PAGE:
This sample, written by Brad Dodson, is a music player written in IronPython that uses DirectShow, Windows Presentation Foundation, and COM Interop. The readme.htm in the download will get you started.
When launched, IronTunes presents you with a graphical interface from which you can load any number of music files and begin playing them. Further, you can search through your loaded music collection by typing inside the search field and see your playlist filtered
as you type. IronTunes provides the basic playback functionality (play, pause, volume control) by using DirectShow COM APIs from IronPython via COM interop.
This sample does not work with IronPython 2.0.x sample.
PowerShell from IronPython (IPPowerShell)
This sample shows how to use PowerShell commands from IronPython by invoking the PowerShell API(s) directly and also by using a nice Python helper class. The samples use both of these techniques to detect whether a host meets some of the minimum system requirements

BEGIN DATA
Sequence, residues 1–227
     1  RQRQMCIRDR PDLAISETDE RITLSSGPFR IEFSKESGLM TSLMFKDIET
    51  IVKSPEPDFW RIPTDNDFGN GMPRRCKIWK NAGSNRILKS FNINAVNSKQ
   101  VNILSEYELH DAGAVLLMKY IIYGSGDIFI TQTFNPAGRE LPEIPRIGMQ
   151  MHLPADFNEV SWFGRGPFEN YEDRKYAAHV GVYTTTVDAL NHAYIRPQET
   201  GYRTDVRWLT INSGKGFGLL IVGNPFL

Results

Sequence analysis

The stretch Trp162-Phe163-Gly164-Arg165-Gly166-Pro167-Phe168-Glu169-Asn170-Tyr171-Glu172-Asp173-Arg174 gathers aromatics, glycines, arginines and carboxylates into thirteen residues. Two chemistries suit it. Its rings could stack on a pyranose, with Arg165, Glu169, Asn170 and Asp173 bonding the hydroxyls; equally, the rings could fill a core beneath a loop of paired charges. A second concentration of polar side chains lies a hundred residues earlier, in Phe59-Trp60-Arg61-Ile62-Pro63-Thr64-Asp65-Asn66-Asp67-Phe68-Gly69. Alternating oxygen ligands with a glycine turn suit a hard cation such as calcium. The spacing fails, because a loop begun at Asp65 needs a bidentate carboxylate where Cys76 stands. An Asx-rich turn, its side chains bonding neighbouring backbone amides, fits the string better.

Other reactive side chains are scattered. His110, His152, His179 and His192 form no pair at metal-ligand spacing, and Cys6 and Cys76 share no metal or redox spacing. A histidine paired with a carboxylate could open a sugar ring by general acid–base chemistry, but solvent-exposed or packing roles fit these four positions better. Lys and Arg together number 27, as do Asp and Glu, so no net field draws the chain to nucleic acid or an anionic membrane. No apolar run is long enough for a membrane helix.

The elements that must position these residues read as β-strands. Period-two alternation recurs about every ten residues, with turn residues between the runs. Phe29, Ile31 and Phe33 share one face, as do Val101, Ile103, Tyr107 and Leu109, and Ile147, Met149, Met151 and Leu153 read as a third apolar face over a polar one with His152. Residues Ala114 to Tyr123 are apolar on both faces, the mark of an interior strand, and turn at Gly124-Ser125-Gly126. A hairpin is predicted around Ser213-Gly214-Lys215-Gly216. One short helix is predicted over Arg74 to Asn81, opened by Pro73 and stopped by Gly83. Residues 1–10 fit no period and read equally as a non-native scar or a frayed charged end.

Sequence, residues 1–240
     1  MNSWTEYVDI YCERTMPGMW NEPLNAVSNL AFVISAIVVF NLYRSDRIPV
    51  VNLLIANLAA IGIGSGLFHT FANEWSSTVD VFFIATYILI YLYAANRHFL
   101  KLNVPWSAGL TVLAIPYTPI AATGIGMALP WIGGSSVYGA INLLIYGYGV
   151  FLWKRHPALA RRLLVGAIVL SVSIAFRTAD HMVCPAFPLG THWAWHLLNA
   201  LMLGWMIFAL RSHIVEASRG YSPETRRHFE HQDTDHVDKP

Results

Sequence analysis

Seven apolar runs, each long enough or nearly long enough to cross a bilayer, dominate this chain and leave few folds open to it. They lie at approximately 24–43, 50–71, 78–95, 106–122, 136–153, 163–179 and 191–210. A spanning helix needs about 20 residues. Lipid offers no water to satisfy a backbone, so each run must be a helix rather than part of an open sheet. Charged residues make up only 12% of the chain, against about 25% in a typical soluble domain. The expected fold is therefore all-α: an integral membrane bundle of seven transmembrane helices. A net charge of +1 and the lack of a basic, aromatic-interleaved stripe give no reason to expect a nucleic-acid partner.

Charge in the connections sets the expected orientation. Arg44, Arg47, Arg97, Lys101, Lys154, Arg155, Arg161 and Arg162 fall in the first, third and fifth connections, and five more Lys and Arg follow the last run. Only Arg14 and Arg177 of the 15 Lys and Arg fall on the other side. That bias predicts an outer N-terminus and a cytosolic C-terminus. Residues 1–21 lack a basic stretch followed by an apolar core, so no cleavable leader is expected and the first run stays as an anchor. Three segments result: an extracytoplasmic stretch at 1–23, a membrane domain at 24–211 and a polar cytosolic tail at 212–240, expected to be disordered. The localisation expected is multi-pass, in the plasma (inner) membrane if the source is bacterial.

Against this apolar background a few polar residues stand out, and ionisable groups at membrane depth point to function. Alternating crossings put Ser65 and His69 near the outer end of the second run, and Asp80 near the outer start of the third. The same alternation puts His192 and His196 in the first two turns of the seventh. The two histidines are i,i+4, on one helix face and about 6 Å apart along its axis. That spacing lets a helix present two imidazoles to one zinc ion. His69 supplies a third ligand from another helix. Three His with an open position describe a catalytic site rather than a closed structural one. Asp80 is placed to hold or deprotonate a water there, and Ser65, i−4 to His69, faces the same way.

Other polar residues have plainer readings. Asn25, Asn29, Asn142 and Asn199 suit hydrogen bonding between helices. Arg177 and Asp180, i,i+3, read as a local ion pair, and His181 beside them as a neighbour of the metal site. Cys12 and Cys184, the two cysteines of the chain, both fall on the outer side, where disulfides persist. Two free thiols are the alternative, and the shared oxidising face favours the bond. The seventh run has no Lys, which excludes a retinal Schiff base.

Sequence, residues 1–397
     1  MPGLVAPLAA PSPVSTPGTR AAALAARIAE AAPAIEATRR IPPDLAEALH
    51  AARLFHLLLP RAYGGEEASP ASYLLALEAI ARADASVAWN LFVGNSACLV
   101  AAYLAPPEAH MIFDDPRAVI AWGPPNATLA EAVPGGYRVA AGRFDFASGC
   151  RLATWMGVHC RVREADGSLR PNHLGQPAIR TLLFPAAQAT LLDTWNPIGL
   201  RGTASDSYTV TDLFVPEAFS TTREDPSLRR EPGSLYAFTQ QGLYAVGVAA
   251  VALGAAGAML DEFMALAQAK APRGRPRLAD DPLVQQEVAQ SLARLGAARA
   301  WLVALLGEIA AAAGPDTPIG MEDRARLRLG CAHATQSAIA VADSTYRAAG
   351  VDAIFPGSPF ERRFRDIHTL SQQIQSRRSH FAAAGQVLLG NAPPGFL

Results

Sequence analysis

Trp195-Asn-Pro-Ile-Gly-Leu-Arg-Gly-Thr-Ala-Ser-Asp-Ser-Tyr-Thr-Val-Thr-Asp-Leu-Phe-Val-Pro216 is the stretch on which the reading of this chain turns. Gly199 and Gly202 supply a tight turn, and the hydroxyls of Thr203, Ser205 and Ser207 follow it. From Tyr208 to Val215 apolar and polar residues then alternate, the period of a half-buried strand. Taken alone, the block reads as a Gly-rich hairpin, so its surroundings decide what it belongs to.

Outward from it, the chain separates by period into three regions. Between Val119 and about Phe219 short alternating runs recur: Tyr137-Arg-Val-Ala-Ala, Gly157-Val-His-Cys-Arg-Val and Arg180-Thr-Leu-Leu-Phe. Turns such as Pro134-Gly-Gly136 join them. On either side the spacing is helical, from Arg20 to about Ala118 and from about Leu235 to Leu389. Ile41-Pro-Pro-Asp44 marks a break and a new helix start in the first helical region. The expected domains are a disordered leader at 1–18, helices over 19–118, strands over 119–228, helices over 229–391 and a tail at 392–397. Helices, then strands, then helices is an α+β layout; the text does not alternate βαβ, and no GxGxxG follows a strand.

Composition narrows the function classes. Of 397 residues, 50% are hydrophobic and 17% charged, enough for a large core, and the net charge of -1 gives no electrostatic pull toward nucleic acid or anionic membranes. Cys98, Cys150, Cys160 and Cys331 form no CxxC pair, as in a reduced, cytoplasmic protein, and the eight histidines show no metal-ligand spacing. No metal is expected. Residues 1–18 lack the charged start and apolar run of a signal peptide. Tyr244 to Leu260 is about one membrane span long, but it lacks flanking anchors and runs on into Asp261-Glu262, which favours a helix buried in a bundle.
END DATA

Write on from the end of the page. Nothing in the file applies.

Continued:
for playing Age of Empires III Trial edition. The readme.htm in the download will get you started.
By utilizing managed PowerShell API(s) from IronPython, it becomes downright easy to perform a runtime inspection of the system. As an example, you can determine how much memory your video card has installed on it using only a couple lines of IronPython code.
To make working with PowerShell even easier, the “powershell.py” module (included with this sample) allows you to run PowerShell cmdlets in a very elegant and object-oriented manner.
Pyc - Python Command-Line Compiler
This sample shows developers how to create .NET executables directly out of IronPython scripts. The readme.htm in the download will get you started.
IronPython’s Hosting APIs can be used to compile Python scripts into DLLs, console executables, or Windows executables. The pyc.py script included in this tutorial leverages these hosting APIs and can be used to compile other Python scripts. It provides a variety